The more I read the Gospels, the historical accounts about Jesus in the New Testament, the more I see just how masterful he was at teaching people. Very often Jesus’ points were constructed in such a way that his listeners, no matter who they were, left without a question as to what he was talking about. Well, except for those pesky parables that were designed to stump his listeners. Those who got him, got his message. Those who did not get him, continued to see a mere rabble-rouser.
At one point, he actually pokes fun at his opponents, and compares them to spoil sport kids playing games in the street. “We played a dancing game, but it was the wrong tune. We played a funeral game, but it wasn’t quite gloomy enough.” His point was that his opponents were never satisfied, unless they got to call the shots.
To put his words in a more modern context, here’s how I would say it: “To what shall I compare the American Church? You’re like kids playing Street Preacher. When we emphasized grace, you said we needed more truth. But when we did emphasize truth, you said it we had no right, since we had previously put such an emphasis on grace.”
The 2016 election exposed a line of hypocrisy in the Evangelical Right. They don’t desire people to believe the truth – that which describes reality correctly, such as the sky is blue, and the grass is green. Instead, they want people to believe the truth that they have deemed important.
There was public outrage against “Pussy Gate” (The leaked tape of Mr. Trump and Billy Bush on the bus). I don’t know about you, but the response I heard most often from evangelicals was, “You didn’t have this reaction when it came to Fifty Shades, or Beyoncé or whatever fill-in-the-blank sexy thing you can think of, so you have no right to complain now.” The very same people who lament that “this world” doesn’t care for truth, the very same who threaten people’s salvation because of a perceived lack of absolute/objective truth, became whole hearted relativists in 2016. (More like they brought their relativism into the light, for all to see.)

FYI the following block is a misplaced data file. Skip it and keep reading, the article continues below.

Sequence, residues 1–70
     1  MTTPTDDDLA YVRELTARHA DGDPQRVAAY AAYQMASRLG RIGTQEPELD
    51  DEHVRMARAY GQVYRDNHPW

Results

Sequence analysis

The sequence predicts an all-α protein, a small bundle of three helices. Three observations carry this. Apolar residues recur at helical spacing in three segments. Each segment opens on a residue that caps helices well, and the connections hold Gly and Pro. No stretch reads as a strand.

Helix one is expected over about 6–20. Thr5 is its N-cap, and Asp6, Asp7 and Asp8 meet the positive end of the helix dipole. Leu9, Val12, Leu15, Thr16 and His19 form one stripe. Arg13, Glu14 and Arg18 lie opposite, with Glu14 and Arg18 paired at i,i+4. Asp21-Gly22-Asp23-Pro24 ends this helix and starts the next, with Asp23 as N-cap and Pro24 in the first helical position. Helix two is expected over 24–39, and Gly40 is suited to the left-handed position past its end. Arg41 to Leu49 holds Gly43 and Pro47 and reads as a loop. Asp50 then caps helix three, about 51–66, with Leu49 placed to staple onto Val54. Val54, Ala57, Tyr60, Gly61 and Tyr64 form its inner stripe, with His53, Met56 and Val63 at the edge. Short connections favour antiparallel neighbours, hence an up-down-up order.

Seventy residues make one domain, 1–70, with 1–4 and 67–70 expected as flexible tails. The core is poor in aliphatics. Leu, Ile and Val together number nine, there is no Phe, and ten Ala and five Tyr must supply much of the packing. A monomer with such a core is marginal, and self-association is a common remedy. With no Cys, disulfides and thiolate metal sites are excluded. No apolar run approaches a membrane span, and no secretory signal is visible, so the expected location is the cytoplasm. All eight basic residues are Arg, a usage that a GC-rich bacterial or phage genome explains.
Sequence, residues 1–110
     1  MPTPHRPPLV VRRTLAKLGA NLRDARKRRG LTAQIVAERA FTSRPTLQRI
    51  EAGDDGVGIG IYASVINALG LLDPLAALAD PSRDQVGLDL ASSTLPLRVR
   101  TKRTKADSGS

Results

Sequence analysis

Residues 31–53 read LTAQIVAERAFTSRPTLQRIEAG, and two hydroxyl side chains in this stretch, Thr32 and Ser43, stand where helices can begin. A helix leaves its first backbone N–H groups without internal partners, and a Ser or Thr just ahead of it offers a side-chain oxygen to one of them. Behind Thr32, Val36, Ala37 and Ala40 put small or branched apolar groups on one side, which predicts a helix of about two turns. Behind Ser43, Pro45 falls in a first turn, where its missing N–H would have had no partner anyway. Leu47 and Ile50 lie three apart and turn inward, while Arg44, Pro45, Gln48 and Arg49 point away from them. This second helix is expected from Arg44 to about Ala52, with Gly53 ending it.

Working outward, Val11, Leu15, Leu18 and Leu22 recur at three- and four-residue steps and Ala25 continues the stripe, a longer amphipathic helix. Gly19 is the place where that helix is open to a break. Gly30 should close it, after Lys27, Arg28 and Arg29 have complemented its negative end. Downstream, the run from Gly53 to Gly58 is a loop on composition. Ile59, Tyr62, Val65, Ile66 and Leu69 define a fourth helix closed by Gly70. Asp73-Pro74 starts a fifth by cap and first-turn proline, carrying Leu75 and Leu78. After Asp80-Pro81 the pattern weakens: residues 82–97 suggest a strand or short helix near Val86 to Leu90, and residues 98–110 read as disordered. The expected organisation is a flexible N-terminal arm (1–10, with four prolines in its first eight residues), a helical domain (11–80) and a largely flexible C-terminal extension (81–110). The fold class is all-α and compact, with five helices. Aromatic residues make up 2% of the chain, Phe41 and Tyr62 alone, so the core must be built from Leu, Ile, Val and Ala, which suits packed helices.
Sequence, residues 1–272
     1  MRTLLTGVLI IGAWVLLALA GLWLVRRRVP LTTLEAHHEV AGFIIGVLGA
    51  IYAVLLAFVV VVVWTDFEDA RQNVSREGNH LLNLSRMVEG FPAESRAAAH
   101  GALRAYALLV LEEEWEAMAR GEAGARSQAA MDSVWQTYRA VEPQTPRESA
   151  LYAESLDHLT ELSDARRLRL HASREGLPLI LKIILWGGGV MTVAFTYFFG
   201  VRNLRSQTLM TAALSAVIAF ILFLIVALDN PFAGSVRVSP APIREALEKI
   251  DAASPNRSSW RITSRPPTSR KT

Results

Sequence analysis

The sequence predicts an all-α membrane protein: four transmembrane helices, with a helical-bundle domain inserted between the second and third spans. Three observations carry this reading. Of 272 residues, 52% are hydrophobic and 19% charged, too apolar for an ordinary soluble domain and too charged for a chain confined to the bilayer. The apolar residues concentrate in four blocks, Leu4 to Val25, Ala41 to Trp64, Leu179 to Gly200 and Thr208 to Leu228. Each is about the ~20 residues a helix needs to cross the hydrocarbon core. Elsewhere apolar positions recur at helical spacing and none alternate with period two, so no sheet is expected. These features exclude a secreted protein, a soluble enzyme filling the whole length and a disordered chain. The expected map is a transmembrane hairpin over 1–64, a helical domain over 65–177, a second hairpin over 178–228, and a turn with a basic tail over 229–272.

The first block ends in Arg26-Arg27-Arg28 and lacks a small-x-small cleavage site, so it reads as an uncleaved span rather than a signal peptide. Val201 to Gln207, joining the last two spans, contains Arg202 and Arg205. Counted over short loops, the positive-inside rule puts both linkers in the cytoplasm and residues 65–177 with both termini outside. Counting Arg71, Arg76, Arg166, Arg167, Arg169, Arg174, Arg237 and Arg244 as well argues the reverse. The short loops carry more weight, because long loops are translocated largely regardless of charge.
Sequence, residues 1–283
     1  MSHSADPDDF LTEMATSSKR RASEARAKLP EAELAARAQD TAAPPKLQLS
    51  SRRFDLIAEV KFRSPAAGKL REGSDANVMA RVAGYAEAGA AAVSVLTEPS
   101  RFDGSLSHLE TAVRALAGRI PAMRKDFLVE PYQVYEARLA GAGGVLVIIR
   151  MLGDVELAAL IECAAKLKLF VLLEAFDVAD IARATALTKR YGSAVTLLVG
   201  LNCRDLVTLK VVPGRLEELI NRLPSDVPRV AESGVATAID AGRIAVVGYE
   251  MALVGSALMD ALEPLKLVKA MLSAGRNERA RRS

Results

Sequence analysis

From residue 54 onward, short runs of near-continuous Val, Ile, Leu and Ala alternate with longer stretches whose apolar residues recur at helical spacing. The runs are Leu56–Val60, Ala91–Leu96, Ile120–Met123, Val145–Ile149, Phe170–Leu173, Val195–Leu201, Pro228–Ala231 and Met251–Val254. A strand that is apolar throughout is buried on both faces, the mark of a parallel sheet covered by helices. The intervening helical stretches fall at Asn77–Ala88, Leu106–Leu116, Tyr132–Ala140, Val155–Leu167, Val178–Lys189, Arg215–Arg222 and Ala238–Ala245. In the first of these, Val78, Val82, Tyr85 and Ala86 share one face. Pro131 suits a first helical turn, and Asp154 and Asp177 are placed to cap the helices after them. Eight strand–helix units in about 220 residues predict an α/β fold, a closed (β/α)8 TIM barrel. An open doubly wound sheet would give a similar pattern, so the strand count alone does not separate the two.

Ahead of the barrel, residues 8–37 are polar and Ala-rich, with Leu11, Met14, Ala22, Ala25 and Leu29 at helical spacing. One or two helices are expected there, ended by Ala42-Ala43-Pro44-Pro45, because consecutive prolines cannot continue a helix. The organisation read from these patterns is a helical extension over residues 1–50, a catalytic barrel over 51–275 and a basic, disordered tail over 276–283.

Sexual assault (“I just grab ’em, I don’t even ask, I just do it.”) became “locker room talk” and “boys will be boys.” “Baby Christian” became a license to dismiss the conscience and morality, and embrace irreverency and outright immorality and indecency.
When Jesus compared the religious elite of his day to mere children playing a game, the point was that they always had to change the rules to make their game fit, and ensure that they would win. It’s no different with the American Evangelical Right. They accuse the culture of embracing relative truth – that which is true for me, but not for you – and not having a moral compass. But then a whole wave of people wakes up, and starts to show a moral compass and that truth does actually matter, and the accusation became, “you embraced it too late.”
Always needing to up the stakes.
It makes me think of the scene in Gladiator, where maximus looks around the arena after killing his opponent, and balks, “Are you not entertained? Is this not what you came here for? Are you not entertained?” Maximus was booed for killing his competition too quickly. Evangelical leaders booed the culture for not standing up against their version of wrong. It wasn’t enough! They had to change the rules.
So it’s not just a general sense of right and wrong, it’s gotta be biblical truth that people must embrace. (Which I’m always curious about: what exactly makes biblical truth different, or more truthful than non-biblical/extra biblical truth? Is it more truthful than regular truth?) You can’t get mad at a presidential candidate for advocating a sex crime (and so much more), you have to be mad about every example in which sex was used in a non-procreative way. It has to be their idea, not the culture’s. They had to be the ones to call out sexual immorality, not the culture. Because what? that might give people the impression that truth really is universal, and wrong means wrong, even when a non-Christian states that it is? (I wonder what modern evangelicals would’ve thought about the Nuremberg trials – where other countries put German officers and leaders on trial for war crimes.)
It became increasingly clear: for evangelicals, it wasn’t enough for people to say Trump was lying, or that he was a moral disaster. Since they didn’t stand up for truth that one time, whatever that one time is, this time doesn’t count. It doesn’t matter that this may have been the circumstances that “woke people up,” and showed them that there are things that absolutely should be labeled as wrong or evil, “You are speaking ill of God’s candidate!” If we couldn’t embrace the man, we needed to at least embrace the Party. (Never mind the fact that the Party embraced and endorsed the man!)
So to those evangelicals – the ones who aren’t satisfied – I ask this: when will it be enough? How much truth do we have to embrace, before you believe that we embrace the truth? How much needs to labeled wrong by those outside the faith, before you start to heed the warning, and calling it wrong yourselves?
Are you not entertained? Is this not what you desired? Are you still not yet entertained?